27were not even up to strength.” Similarly, at Kursk, “the vulnerability of German

    defences in these [flanking] regions had only been increased as German forces gravitated

     22 Otto Chaney, Zhukov, … 201.

     23 United Kingdom, Department of War Studies, Conventional Operations,…9-4.

     24 David Glantz and Jonathan House, The Battle of Kursk, … 32.

     25 Richard Overy, Why The Allies Won, … 87.

     26 David Glantz and Jonathan House, The Battle of Kursk, 266.

     27 Anthony Beevor, Stalingrad, (London: Penguin Books, 1999), 183.

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    28 By comparison then, the German towards the Kursk bulge prior to and during Citadel.”

    leadership did not control resources as well as their Soviet counterparts at Kursk. David

    Glantz highlights this newly acquired Soviet advantage in resource management as

    follows: “What astonished the Germans most about these massive and numerous Soviet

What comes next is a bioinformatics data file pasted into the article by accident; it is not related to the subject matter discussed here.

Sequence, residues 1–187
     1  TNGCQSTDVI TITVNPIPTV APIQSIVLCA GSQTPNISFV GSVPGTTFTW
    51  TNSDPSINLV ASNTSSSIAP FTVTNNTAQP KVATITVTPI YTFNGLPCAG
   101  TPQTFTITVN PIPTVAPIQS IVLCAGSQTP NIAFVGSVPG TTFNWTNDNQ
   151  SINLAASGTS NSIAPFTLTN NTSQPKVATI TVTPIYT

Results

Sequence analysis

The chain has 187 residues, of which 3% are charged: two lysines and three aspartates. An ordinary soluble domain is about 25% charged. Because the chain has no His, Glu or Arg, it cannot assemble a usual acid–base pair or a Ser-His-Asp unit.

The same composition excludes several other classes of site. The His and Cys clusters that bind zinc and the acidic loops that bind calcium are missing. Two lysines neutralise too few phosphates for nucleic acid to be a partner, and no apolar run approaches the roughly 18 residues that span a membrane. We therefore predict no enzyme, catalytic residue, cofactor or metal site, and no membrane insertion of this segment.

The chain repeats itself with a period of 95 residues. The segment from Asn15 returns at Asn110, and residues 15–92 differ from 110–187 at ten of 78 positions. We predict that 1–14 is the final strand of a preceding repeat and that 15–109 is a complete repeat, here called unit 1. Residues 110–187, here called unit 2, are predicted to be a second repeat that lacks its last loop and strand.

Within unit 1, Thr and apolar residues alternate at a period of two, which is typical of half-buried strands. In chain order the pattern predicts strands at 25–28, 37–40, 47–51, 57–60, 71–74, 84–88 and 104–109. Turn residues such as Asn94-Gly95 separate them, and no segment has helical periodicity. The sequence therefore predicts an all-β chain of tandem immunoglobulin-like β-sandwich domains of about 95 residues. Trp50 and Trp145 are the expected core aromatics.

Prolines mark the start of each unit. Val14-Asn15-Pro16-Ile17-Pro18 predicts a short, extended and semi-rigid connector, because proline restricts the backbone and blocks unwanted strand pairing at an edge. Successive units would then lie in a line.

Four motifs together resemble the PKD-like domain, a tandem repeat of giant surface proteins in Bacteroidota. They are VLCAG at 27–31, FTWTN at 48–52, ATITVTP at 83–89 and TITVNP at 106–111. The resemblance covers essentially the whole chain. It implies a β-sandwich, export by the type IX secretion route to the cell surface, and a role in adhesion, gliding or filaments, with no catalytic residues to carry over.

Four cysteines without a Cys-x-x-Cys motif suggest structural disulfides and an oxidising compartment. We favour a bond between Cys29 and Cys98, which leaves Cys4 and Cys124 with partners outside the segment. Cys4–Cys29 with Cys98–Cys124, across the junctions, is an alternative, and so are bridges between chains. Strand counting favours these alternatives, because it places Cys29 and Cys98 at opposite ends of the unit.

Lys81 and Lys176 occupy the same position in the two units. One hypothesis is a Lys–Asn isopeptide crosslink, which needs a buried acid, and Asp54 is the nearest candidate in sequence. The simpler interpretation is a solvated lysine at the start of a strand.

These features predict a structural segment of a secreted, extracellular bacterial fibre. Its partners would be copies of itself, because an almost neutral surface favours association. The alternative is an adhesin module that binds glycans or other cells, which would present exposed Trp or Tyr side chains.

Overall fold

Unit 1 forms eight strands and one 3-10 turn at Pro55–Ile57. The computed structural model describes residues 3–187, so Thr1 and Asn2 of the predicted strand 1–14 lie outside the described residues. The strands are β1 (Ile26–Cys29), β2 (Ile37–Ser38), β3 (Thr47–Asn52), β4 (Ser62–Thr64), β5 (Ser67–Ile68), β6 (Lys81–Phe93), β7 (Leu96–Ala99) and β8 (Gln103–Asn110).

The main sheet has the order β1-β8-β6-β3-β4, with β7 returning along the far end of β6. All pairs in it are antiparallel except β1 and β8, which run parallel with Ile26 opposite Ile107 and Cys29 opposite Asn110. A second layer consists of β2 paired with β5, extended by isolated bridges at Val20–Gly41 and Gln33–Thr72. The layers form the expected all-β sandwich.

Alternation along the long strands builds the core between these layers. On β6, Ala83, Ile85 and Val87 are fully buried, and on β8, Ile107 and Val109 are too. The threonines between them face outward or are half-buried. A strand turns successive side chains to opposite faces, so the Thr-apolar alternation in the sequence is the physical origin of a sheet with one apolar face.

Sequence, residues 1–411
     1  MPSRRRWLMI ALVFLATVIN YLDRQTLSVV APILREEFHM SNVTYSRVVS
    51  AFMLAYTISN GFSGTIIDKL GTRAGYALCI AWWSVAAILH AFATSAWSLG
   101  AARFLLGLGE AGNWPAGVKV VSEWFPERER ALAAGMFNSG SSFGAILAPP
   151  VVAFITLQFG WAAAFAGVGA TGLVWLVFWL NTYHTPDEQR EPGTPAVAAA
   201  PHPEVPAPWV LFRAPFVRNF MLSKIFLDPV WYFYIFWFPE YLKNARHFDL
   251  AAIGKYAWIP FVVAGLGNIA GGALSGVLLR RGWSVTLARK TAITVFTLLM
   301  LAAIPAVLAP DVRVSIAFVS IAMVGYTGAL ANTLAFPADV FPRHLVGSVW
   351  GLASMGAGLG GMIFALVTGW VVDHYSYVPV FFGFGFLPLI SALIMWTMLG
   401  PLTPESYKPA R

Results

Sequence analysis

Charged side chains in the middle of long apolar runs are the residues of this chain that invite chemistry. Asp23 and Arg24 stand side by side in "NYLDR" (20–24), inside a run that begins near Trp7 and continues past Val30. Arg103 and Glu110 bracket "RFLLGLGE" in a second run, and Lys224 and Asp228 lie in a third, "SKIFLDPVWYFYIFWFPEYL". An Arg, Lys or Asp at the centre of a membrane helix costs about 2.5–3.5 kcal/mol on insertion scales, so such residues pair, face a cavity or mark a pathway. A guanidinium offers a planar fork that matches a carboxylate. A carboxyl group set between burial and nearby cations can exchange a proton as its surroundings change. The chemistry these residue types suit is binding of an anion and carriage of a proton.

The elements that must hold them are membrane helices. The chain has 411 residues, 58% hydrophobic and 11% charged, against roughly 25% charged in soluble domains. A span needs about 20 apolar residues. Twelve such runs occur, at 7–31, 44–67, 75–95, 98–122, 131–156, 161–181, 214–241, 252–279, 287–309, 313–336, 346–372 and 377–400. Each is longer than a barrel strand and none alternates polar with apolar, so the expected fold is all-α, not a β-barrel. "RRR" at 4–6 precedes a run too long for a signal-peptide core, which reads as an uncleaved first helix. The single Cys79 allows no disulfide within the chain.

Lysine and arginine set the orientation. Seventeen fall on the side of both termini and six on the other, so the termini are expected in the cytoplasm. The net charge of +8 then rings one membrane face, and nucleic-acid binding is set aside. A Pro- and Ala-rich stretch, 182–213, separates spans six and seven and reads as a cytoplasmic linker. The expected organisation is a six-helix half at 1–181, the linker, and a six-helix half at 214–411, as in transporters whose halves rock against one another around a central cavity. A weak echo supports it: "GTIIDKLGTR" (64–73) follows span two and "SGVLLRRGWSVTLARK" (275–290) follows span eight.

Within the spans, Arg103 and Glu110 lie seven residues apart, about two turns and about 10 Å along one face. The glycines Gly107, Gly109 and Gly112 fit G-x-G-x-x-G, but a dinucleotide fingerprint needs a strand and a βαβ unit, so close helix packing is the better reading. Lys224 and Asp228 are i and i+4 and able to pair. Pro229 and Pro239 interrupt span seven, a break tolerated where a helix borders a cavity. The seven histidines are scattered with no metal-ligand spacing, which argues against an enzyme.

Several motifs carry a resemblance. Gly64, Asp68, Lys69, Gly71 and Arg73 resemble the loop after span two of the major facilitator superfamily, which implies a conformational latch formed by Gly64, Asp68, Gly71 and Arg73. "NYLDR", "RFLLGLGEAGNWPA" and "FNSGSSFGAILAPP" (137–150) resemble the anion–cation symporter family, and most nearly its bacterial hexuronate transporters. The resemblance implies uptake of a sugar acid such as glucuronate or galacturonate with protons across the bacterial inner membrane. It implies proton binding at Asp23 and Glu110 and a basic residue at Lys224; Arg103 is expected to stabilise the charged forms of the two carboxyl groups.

offensives was the fact that the defenders of Kursk were able to go from a desperate

    29defensive to a full-fledged offensive in a matter of days.”

    During the battle of Kursk then, through better leadership and management, the

    Soviets had stolen the moral advantage on the Eastern Front. Can the same be said for the

    physical component of Fighting Power?

    The physical component [of Fighting Power] is the means to fight. It is the

    equivalent of the term „Combat Power‟, defined in NATO as: „the total means of

    destructive and/or disruptive force which a military unit/formation can apply

    against the opponent at a given time.‟ The total means include … manpower, 30equipment, logistics and training.

    Many would expect the balance of manpower and training to be central to most

    discussions concerning decisive battles, this is not the case at Kursk. Neither manpower

    or training were crucial factors in the battle itself, nor did this battle substantially alter the

    manning balance for future encounters.

    Given the different interpretations regarding what constitutes Kursk, it is difficult

    to be certain of the relative manning levels at the start of this battle. Figures given for the

    Germans range from 777,000 to 900,000. Facing them, consensus suggests, were 1.3

     28 David Glantz and Jonathan House, The Battle of Kursk, … 227.